Where Are the Victoria Falls?
These famous falls, among the most spectacular in the world, are on the boundary between Rhodesia and Zambia in southern Africa. The falls form the most remarkable feature of the Zambezi River. They are midway up the Zambezi near the town of Livingstone, which is named after David Livingstone, the Scottish missionary and explorer, who discovered the falls in 1855.
For some distance before the Victoria Falls the Zambezi flows over a level sheet of basalt—a hard, blue volcanic rock—in a valley between sandstone hills. Curiously, the Zambezi does not increase its speed of flow as it nears the mighty falls.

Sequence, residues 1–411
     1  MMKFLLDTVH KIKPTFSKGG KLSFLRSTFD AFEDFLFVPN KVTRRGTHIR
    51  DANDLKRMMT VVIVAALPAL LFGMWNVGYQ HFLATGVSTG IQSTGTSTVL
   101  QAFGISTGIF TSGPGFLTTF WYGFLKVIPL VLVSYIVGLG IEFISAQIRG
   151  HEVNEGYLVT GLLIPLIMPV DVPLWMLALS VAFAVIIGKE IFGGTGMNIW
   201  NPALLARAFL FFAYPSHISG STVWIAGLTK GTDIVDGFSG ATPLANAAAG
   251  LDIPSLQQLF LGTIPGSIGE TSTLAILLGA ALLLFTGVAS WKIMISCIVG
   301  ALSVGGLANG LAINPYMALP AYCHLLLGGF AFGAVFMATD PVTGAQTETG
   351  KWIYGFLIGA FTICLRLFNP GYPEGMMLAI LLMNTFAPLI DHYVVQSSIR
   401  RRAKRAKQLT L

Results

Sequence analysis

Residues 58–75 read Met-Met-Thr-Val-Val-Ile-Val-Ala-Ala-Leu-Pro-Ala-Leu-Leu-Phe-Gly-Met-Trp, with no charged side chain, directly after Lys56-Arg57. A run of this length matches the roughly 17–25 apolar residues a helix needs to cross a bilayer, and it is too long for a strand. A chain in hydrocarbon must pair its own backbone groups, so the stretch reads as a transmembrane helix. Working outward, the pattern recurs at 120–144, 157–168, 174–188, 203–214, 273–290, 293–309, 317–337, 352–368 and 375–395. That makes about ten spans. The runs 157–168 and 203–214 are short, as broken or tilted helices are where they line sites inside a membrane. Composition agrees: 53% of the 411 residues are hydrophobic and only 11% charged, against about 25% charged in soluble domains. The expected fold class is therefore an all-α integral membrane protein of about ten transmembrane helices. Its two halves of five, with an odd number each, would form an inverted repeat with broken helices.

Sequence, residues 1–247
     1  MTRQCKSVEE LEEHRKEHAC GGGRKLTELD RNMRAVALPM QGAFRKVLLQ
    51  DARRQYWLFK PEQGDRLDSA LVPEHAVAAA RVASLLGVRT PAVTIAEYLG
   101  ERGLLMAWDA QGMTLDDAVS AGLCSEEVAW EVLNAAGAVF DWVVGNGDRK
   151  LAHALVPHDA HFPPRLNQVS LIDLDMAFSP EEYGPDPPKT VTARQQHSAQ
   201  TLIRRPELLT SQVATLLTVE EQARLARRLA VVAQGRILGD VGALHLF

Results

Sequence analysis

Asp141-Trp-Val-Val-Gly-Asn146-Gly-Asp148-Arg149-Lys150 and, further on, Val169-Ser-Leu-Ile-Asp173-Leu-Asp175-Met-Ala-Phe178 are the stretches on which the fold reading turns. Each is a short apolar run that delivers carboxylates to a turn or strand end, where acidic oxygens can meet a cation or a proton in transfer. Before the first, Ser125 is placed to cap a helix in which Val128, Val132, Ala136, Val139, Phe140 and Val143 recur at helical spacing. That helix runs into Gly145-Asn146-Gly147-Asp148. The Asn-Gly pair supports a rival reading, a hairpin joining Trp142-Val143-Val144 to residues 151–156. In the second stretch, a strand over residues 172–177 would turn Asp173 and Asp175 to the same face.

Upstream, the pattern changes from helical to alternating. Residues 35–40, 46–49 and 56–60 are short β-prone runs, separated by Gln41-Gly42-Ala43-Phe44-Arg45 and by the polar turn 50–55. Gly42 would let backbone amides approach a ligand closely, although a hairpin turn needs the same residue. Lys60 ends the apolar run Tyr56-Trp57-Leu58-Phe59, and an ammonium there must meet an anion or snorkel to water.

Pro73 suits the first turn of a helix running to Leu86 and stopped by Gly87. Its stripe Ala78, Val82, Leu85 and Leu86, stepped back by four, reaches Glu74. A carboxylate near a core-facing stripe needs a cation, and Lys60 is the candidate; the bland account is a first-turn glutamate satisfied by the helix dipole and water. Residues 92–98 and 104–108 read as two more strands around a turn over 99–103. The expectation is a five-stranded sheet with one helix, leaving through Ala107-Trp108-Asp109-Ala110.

The water pours over an almost vertical precipice, nearly a mile wide, at a rate of between four million and 75 million gallons a minute, depending on the season. The minimum flow is between November and December and the maximum between April and May. The Victoria Falls are wider than Niagra Falls and more than twice their height. At the highest point the water plunges 355 feet.
The only outlet for
this vast force of water is a narrow channel cut in the opposing barrier wall
near its western end. The river is forced through this narrow, 100-foot gorge
for nearly 400 feet. This part of the falls is aptly known as the Boiling Pot.
From the Boiling Pot the water emerges into an enormous zig-zag which forms the beginning of the Batoka Gorge, about 60 miles long. At one time it was thought that these fantastic falls were the result of a volcanic fault in the earth. Now it is believed they are caused by the check on the natural erosion of the river bed provided by the hard basaltic rock sheets.